When all else fails, amateur radio prevails



MEMBERS of the Torbay Amateur Radio Society (TARS) came together for a special event commemorating their 75th anniversary on Saturday June 4th.

Operating out of a former air-raid shelter turned community museum in Courtenay Park, Newton Abbot, the group of radio eunthisiasts spent the day hitting the airwaves and some even entered a national Morse code contest.

TARS President Derrick Webber, 90, was the leader of the National Field Day CW contestants.

Derrick, who lives in Newton Abbot, was among those who founded the company in 1947 – he was just 14 at the time.

Derrick said: “It’s been a long time, certainly a milestone and cause for celebration.

“I started learning morse code when I was eight – sending morse code is my favorite way to communicate, I love talking to the world.

Derrick Webber in his element, turnkey paddle (Ethan Hepell/MDA ) (Ethan Hepell/MDA)

“My dad and I started together just after the war in 1945 – he got his license in 1949 when I was a junior operator.

“I joined the Royal Signals in 1952 and spent most of my time in Cyprus, when I was 21, and it was a great time, let me tell you.

“I was able to get my own call sign when I was in Cyprus so I could operate from my bedside locker to speak with my dad back home.”

Holding regular meetings at the Burdett Building along Wolborough Street, Newton Abbot, TARS has an ever-growing membership base which grows to nearly 150 members at present.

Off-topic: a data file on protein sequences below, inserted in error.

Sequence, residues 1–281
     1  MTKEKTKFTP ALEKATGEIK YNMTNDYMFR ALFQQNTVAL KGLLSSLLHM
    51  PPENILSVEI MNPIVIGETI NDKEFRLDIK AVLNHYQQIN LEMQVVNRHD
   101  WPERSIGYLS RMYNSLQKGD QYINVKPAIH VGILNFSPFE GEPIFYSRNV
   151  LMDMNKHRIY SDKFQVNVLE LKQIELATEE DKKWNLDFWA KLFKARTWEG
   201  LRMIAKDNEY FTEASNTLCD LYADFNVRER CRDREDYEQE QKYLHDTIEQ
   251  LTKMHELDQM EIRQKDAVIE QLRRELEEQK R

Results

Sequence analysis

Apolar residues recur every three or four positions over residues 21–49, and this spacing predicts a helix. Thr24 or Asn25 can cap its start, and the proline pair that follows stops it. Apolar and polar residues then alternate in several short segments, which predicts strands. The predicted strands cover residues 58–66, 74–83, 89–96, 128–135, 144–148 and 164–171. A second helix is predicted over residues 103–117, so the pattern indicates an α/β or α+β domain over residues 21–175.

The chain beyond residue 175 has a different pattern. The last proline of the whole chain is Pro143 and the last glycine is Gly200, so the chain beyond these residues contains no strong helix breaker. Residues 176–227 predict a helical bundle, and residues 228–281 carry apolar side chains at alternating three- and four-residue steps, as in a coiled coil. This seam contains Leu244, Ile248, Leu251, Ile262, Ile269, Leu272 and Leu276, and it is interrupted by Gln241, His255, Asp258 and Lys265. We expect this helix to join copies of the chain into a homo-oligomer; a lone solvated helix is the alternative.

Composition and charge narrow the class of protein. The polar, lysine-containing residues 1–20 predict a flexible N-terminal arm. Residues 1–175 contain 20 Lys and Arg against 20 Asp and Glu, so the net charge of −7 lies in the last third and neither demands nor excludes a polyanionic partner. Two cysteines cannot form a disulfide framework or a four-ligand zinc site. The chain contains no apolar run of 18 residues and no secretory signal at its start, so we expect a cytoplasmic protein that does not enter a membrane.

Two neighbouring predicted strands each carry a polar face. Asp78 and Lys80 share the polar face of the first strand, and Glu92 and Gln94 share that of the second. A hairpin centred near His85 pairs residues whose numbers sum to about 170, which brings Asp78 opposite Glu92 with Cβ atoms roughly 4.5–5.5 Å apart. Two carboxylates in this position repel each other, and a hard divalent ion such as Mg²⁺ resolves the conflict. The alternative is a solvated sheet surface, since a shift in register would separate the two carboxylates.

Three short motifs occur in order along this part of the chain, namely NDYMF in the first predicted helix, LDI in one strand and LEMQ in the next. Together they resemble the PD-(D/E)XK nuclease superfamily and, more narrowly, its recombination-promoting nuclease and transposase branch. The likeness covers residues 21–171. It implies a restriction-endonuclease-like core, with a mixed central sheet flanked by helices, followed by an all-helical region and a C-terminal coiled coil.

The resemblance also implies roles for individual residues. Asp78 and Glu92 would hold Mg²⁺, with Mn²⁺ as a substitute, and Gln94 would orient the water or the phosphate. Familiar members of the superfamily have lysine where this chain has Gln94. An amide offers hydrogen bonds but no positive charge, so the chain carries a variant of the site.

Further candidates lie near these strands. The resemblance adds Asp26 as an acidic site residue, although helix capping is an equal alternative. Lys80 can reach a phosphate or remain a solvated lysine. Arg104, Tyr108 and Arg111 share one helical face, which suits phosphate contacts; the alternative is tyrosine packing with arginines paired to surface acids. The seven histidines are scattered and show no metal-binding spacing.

Torbay Amateur Radio Society President Jeff Hocking said: “I can honestly say it’s a very proud moment for the club to reach 75 years.

“We survived everything, the war, the pandemic and to be where we are now with a thriving club is really excellent.”

“The whole philosophy of amateur radio is to advance radio research, self-education, we are all amateurs, we all have our own stations at home that we can use to talk to people around the world entire.

“What we’re doing today is seeing how far we can get our signal, seeing who can hear us.

“It’s an interesting pastime because you never know, depending on atmospheric conditions, weather, etc., you may be sitting at home and talking to somewhere in England or, as I was l other night, to someone from Brazil.”

The air raid shelter is run by the Courtenay Air Raid Shelter Heritage Association (CARSHA) – a group of like-minded individuals who aim to preserve one of Newton Abbot’s last public air raid shelters.

Located next to the Newton Abbot Bowling Club building in Courtenay Park, the association hopes to restore the shelter to how it looked in 1940.

The association also has an exhibit at the shelter, filled with war memorabilia.

Some of the items on display at the Courtenay Air Raid Shelter Heritage Association

(Ethan Hepell/MDA ) (Ethan Hepell/MDA)

CARSHA chairman Jay Cook, who is also a member of TARS, said: ‘I’ve always felt a connection to the period, the shelter is basically about preserving some of the local history of Newton Abbot.

Jay, who before running the shelter participated in World War II re-enactments, hopes the charity can get involved in the wider community.

President of the Courtenay Air Shelter Heritage Association - Jay Cook

President of the Courtenay Air Raid Shelter Heritage Association – Jay Cook (Ethan Hepell/MDA ) (Ethan Hepell/MDA)

“We hope to involve schools, but everything has been put on hold as a result of the pandemic.

“We were supposed to bring in dementia groups, but like I say, with the way things have gone, we’ve been stretched with what we can do.

“It’s volunteers we need – we need more hands.”

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